TED Fellows aren’t easy to classify. In the latest class, there’s a bioengineer who programs bacteria to change the color of urine to signal the presence of cancer — and to make bold, brightly colored art. There’s a data scientist who dreamed up a tool to let anyone with a cell phone build a credit score, even if they don’t have access to a bank. An astronomer who uses her training as an actor to inspire a new generation of scientists. A deaf artist whose sound installations explore our relationship to noise and language.
If you’re an innovator whose work crosses boundaries, you may just find a home in the TED Fellows program. The program welcomes thinkers with big vision — and helps them share their ideas with the world.
Why should you apply to be a TED Fellow? The TED Fellows program has a long track record of taking careers to the next level. Fellows attend a TED conference, for free, and have the opportunity to give a four-minute TED Talk. In speaking from the TED stage, you’ll reach a wide audience and meet industry leaders who may be able to help your realize your idea. Your talk may even be posted on TED.com. But aside from the conference itself, Fellows gain access to free life coaching and mentorship, public relations advice and speaker coaching from a panel of experienced advisors. And as a Fellow, you become part of a global network of innovators from a wide range of disciplines that may become future collaborators.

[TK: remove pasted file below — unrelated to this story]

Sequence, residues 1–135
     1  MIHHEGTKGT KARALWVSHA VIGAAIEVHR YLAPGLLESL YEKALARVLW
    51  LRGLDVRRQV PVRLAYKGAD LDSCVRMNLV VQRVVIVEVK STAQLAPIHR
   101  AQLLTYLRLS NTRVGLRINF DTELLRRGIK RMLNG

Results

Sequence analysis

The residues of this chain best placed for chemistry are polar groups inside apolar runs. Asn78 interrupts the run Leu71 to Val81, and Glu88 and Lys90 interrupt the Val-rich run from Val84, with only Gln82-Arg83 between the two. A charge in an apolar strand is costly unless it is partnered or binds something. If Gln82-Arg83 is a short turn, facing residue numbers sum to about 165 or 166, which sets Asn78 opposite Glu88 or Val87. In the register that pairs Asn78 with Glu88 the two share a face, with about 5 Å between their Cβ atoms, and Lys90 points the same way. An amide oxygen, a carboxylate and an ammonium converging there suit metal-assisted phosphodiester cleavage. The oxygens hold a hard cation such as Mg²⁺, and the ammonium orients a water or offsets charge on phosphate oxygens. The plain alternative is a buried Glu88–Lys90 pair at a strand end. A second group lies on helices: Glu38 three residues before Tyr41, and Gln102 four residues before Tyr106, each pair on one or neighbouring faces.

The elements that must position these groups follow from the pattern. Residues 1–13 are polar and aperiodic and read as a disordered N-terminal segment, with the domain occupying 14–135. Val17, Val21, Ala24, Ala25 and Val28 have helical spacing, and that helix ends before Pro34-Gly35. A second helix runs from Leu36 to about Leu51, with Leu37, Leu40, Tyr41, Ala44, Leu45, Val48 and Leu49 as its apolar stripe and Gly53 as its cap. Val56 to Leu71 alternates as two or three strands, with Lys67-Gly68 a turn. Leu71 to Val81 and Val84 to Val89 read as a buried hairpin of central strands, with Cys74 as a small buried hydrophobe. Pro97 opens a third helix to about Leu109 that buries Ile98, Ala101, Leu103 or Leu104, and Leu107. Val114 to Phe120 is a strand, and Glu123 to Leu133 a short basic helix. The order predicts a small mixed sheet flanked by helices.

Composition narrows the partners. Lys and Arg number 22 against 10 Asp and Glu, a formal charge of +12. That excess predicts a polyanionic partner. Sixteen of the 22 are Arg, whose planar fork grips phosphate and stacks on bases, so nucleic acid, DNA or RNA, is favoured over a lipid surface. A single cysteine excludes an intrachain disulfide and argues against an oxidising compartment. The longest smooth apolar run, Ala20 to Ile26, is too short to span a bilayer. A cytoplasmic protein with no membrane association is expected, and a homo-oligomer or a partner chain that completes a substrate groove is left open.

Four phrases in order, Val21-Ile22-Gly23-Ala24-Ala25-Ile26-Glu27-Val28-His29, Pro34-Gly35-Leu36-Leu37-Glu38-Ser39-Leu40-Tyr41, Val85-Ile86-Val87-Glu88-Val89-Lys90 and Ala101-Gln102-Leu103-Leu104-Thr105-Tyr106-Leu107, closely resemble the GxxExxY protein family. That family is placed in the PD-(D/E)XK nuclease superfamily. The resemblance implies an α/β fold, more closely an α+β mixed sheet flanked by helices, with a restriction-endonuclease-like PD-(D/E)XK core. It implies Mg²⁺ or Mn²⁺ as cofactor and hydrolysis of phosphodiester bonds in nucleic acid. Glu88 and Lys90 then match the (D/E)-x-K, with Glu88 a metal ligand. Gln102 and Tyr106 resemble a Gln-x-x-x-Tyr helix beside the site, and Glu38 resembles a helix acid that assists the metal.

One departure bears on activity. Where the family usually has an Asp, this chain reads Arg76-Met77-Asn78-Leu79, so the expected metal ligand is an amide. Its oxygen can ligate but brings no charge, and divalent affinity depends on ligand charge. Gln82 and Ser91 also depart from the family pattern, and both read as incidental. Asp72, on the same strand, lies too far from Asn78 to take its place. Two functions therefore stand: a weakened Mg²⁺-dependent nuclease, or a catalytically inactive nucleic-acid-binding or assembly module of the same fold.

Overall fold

Applications for the 2016 class of TED Fellows are open now through September 20, 2015. The 20 individuals selected will attend the TED2016 conference in Vancouver, Canada, from February 12 to 19, 2016.
Program director Tom Rielly stresses that, even if it sounds like a longshot, you should take a chance and apply. “Some of our most successful Fellows have told us that they almost didn’t apply because they never imagined they’d be selected,” he says.
The online application for the TED Fellows program is low-key — it asks for basic information, answers to short essay questions and three references. And, yes, while the program is looking for applicants who’ve accomplished a lot so far, it also seeks out candidates with character and grit who have the potential to break barriers as they build their careers.
Sound like you?
Photo credit: Camille A. Brown by Matt Karas